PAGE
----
points out an eternal abode without former in every point of view.
fears for the future, or recollection of A large portion of the first volume,
the past."

is chiefly occupied with short directions
'Histoires Nouvelles et Contes Nio- for the use of a traveller; together with
reaux, &c." New Stories and Moral an account of the climate, and geogra-
T.les, containing Bettina; Clara, or phy of the respective provinces. An
a Convenient Marriage; Lucy, or the itinerary fills more than two other vo-
Error of a Moinent producing the l'ir- lumes, and this is followed by a disser-
tues of a whole Life; Gustavus, or the tation on the population, manufactures,
Anniversary of a Birth-day; Poor Sarah, government, &c.
&c.; by M. L. de Sevelinyes, 12mno. 1810. It is the opinion of this author, that

These little tales appeared in succession Spain was never in a more prosperous
in the Mercure de France, during the year state than at the period anterior to the
1809, and were read with great satisfac- present unhappy contest. In confirina-
tion; in consequence of which, they now tion of this, he asserts that it was not
make their appearance in the form of a only more populous, but better culti-
little volume. Some of these are forined vated than ever; facts which have been
on the English model, and in “ Lucy,” contradicted by a variety of native his-
we are introduced to a “ Lady Anne 'torians, and are indeed, in direct op
Rosehill," * Colonel Westbury," and a position to popular and received opi-
• Miss Dolmers," the heroine, who is nions. He also thinks, that the disa
the daughter of a clergyman, &c. In covery of Ainerica, instead of being
strict conformity to our daily practice, prejudicial, as hitberto supposed, to the


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668 Retrospect of French, &c. Literature-Miscellaneous.

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mother country, has, on the contrary, of wine, which is to be swallowed by the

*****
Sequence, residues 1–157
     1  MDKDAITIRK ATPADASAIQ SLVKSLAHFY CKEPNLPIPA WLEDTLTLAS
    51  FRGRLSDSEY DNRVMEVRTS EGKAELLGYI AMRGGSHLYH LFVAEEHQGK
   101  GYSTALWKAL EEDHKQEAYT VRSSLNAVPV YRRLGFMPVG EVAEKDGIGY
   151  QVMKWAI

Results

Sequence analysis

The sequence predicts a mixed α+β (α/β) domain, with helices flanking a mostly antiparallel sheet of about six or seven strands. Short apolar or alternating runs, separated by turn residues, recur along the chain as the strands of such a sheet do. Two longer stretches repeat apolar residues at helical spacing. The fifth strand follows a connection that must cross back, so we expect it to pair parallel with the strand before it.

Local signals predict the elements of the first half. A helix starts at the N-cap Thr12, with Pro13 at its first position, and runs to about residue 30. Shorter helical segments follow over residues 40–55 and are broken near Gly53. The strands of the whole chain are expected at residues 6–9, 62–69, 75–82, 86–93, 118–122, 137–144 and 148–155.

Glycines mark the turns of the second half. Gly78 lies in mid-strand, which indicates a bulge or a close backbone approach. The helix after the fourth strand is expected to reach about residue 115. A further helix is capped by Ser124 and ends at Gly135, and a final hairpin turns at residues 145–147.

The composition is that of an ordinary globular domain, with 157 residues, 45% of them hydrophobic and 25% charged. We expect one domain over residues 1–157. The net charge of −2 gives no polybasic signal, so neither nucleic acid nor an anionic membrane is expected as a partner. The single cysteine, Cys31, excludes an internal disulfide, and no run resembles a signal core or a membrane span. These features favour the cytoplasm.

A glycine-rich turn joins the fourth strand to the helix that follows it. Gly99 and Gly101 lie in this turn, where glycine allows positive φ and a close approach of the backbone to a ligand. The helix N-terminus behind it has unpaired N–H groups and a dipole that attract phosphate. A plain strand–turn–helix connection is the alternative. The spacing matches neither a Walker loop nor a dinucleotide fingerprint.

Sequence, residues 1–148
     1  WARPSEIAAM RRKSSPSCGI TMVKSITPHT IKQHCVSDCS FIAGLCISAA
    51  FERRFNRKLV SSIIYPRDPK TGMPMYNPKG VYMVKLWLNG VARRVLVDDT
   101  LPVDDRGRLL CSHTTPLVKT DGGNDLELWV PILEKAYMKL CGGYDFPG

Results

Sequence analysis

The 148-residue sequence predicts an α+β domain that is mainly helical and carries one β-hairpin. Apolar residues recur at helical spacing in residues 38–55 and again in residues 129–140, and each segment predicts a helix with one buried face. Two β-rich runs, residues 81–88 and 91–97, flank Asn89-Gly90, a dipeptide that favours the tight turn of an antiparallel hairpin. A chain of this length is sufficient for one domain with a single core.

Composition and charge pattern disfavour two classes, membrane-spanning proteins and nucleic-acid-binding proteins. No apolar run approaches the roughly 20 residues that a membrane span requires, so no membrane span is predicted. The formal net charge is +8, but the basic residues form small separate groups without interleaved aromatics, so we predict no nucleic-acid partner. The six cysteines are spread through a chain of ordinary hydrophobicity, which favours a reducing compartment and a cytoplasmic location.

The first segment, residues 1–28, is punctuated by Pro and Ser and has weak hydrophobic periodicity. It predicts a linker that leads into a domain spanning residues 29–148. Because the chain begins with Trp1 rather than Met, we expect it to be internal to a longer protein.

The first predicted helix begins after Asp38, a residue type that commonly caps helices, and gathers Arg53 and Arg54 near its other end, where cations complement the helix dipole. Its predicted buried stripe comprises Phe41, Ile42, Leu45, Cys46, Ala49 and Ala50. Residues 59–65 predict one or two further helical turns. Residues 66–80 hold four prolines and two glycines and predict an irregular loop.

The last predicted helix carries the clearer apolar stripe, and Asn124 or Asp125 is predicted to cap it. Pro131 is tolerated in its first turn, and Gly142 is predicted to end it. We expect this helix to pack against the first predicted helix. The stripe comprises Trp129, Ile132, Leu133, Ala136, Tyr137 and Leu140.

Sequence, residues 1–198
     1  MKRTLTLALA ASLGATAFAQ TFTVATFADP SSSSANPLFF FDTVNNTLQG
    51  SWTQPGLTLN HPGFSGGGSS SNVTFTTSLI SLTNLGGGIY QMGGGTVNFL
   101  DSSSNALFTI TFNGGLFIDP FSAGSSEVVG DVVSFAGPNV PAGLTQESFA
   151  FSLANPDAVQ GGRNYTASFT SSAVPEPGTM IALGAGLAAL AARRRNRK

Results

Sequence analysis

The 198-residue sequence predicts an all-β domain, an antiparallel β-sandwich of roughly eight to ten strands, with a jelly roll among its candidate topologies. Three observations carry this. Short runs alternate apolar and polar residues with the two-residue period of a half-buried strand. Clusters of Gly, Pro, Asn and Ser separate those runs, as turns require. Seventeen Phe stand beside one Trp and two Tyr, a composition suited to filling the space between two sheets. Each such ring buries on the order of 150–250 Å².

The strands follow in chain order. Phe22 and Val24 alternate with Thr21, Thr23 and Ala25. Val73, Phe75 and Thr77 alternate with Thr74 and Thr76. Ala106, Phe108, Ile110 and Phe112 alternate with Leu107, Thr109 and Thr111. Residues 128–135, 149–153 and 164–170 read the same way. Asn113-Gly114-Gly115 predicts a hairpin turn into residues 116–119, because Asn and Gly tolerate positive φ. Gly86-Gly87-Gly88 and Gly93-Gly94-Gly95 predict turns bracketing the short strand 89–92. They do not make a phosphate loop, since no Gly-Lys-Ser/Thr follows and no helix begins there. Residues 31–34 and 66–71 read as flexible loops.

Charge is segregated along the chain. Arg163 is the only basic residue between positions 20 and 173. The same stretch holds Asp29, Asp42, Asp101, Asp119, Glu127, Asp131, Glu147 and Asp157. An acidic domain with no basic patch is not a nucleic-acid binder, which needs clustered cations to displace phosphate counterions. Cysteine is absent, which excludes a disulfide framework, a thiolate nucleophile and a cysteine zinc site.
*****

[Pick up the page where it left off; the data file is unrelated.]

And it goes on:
proved highly advantageous. He con- patient, while the refuse of the plant is
tends that Spain was never depopulated applied as a cataplasm to the wound.
by emigration to her colonies, and that, A whole letter is occupied with the
instead of being impoverished by them, description of a ley, for seed-cort,
she has derived very extraordinary ad- and a recommendation to be caretal of
vantages within the last hundred years. diminishing the quantity usually soun
He describes the inhabitants as uniting one half. Another is occupied with an
great vivacity of character, with asto- eulogy on the potatoe, which appears
vishing slowness in point of action. still to be a rarity in some parts of
They awaken, we are told, from their France. The author boasts of being
constitutional apathy, the moment that able to dress it in a hundred different
their pride is irritated, their anger pro- modes, and even prefers this root to
voked, or their generosity stimulated. butcher's îneat, fowls, and game! The

We are astonished at the mild man- potatoes are sometimes roasted whole in ner in which the author treats of the In- the ashes; sometimes peeled and served quisition; and his justification of the with a rich gravy, at other times stewed, punishment of the poor Moors and Jews, introduced into ragonis, baulettes, bei by committing them to the flames, is gnets, and what is still more extraordicalculated to excite indignation in every nary, into salads! His tarts, which are generous hosom.

morc healthy, light, and pleasant, thn Recueil de Lettres et Dissertations those made of almonds, are always sur l'Agriculture, &•c.” A Collection of formed out of this vegetable, and in time Letters, and Dissertations, relative to of scarcity, by the help of rye or barleyAgriculture, the advantages derived from meal, it is converted into bread. the folding of sheep, the best means of Perhaps the proposition to obtain oil increasing the production of corn, and from the acorn, inay contain a good hint; fruits ot every kind. Here also are to it is recommended for the use of paintbe found, remedies for the most dan- ers, the preparation of varnish, &c. We gerous disorders, together with a va- are next presented with a letter on the riety of other interesting matters; to method of feeding bees during the wine which are added a few specimens of ter; and a composition of water and poetry; by D. L. J. R. De Scevole, a wine, mixed in equal parts with honey, learned proprietor, and cultivator at is recommended. Argenton, in the department of Indre. The following passage, although, like the 2 vols. 12mo.*

greater part of the work, it has nothing -Pater ipse colendi to do with agriculture, yet contains Haud facilem esse viam voluit, primusque much good sense. By way of introdueper artem

tion to a very simple receipt, for preMovit agros, curis acuens, mortalia corda. venting the bad effects of verdigrease,

Virg. Georg: lib. ii

. litharge, and white lead, the author obThe title-page of this work is given at “ That our ancestors were genefull length, and we shall notice several rally stronger, more vigorous, and more of the subjects, by way of exhibiting the healthy, than ourselves, and exhibited humble efforts of a French practical fewer pale faces and consumptive lungs, agriculturist. In one chapter we have than we do.” “ The reason is," adds be, a dissertation on the means of raising